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Chicago Regional Council of Carpenters Pension Fund v. Longshore/Daly, Inc.

United States District Court, N.D. Illinois, Eastern Division

February 25, 2014

CHICAGO REGIONAL COUNCIL OF CARPENTERS PENSION FUND et al., Plaintiffs,
v.
LONGSHORE/DALY, INC., Defendant.

MEMORANDUM OPINION AND ORDER

MARIA VALDEZ, Magistrate Judge.

This matter is before the Court on Plaintiffs' Rule 25(c) Motion to Substitute Multicon, LLC as a Party Defendant. [Doc. No. 45]. For the reasons that follow, Plaintiffs' Motion to Substitute is denied. Plaintiffs' request in the alternative for limited discovery on the issue of successorship is granted.

BACKGROUND

On January 16, 2008, Plaintiffs, Trustees of the Chicago Regional Council of Carpenters Pension Fund, the Chicago Regional Council of Carpenters Welfare Fund, and the Chicago Regional Council of Carpenters Apprentice and Trainee Program Fund (collectively "the Funds") sued Defendant, Longshore/Daly, Inc. ("Longshore"), to recover delinquent contributions owed under a collective bargaining agreement. The Funds won a judgment against Longshore in the amount of $181, 518.99 on May 13, 2009.

Longshore subsequently paid only a portion of the owed amount, leaving $127, 389.80 of the debt, plus accrued interest, unsatisfied. On November 19, 2013, the Funds filed a motion pursuant to Federal Rule of Civil Procedure ("Rule") 25(c) seeking to substitute Multicon as a party defendant liable for the unpaid balance of the judgment against Longshore. The Funds base their motion on a theory of successor liability. In the alternative, the Funds request to engage in limited discovery on the question of successorship.

DISCUSSION

I. LEGAL STANDARD

Rule 25(c) is a procedural mechanism that allows a party to be substituted for another where an interest has been transferred. Sullivan v. Running Waters Irrigation, Inc. 739 F.3d 354, 358 (7th Cir. 2014). While the transfer of obligations using this mechanism has traditionally been limited in scope, the Seventh Circuit has expanded its application in ERISA cases to recover unpaid benefit fund contributions, using modified federal common law standards to establish successor liability. See Upholsterers' Int'l Union Pension Fund v. Artistic Furniture of Pontiac, 920 F.2d 1323, 1327-29 (7th Cir. 1990). Substitution of parties under Rule 25(c) is in the court's discretion. ISI Int'l v. Borden Ladner Gervais, LLP, No. 98 C 7614, 2002 WL 230904, at *1 (N.D. Ill. Feb. 15, 2002), aff'd, 316 F.3d 731 (7th Cir. 2003).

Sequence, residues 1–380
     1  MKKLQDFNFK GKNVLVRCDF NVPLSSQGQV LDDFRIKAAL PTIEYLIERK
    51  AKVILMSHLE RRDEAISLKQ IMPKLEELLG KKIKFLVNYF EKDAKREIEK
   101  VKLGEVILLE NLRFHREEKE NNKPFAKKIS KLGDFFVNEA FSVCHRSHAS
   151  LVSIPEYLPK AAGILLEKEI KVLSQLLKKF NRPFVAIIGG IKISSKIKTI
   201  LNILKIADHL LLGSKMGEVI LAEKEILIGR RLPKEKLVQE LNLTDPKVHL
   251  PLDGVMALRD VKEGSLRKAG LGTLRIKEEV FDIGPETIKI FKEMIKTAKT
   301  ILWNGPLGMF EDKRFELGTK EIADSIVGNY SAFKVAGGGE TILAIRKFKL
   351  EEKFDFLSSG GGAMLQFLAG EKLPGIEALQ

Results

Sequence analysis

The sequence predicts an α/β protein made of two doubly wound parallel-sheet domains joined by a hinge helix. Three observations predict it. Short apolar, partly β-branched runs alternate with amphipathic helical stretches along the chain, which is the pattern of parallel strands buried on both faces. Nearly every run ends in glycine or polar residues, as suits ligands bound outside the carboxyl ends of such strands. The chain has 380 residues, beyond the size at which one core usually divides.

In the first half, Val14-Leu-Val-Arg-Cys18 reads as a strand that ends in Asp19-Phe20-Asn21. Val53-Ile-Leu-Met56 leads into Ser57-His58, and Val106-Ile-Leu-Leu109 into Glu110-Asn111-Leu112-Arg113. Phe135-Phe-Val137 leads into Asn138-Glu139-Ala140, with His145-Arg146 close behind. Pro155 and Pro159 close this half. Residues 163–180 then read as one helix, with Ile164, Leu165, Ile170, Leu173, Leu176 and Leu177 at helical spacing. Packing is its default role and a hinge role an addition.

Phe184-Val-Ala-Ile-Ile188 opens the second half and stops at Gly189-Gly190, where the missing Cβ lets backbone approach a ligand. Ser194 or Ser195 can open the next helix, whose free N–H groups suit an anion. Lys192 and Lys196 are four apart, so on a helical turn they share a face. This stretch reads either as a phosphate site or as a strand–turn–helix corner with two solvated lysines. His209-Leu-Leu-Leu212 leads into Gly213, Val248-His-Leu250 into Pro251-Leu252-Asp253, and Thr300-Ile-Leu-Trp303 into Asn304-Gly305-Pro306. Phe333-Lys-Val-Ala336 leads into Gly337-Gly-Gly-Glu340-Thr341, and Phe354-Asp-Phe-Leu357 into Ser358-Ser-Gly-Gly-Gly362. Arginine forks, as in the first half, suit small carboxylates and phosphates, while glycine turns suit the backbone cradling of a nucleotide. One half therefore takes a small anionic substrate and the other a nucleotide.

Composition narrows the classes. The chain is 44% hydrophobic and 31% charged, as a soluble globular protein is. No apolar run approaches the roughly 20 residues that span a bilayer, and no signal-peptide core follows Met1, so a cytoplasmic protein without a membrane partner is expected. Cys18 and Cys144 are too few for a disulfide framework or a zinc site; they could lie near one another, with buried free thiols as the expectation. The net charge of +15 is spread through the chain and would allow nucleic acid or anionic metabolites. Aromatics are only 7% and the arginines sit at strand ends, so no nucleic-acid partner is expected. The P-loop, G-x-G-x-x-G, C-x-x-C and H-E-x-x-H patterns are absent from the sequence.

In ERISA cases, successor liability applies when two conditions are met: (1) the successor had notice of the liability in question before an interest was transferred; and (2) there is substantial continuity of business operations between the predecessor and the successor. Sullivan, 739 F.3d at 357; Chi. Reg'l Council of Carpenters Pension Fund v. Estate Installations, Inc., No. 11 C 2924, 2013 WL 500833, at *2 (N.D. Ill. Feb. 8, 2013). While successor liability traditionally only applied to companies selling assets, the doctrine has been expanded to include "any reorganization that results in a substantial continuation of the business by the successor and either obliterates the previous business or leaves it as an empty shell." Trs. of Chi. Reg'l Council of Carpenters Pension Fund v. Conforti Const. Co., Inc., No. 09 C 322, 2013 WL 3771415, at *2 (N.D. Ill. July 17, 2013) (quoting Cent. States, S.E. & S.W. Areas Pension Fund v. TAS Inv. Co. LLC, No. 11 C 2991, 2013 WL 1222042, at *7 (N.D. Ill. Mar. 25, 2013)) (internal quotes omitted).

II. ANALYSIS

A. Notice of Liability

Multicon's prior notice of Longshore's liability is undisputed. As a result, the Court's inquiry is limited to whether there is "substantial continuity" of business operations between Longshore and Multicon.

B. Substantial Continuity

Whether there is sufficient continuity between two entities to establish successor liability is a fact-based question which requires courts to consider the totality of the circumstances. Sullivan, 739 F.3d at 358; Laborers' Pension Fund v. Seacrest Servs., Inc., No. 12 C 9103, 2014 WL 274100, at *2 (N.D. Ill. Jan. 24, 2014). Factors a court should consider in making this determination include: whether the successor employs "substantially all" of the predecessor's workforce, including supervisors and vice presidents; its use of a predecessor's plant and equipment to produce the same product; its completion of the predecessor's work orders; and its agreement to honor the predecessor's warranties. Artistic Furniture, 920 F.2d at 1329. Courts have also considered whether the business of both employers is the same, whether the employees of the ...


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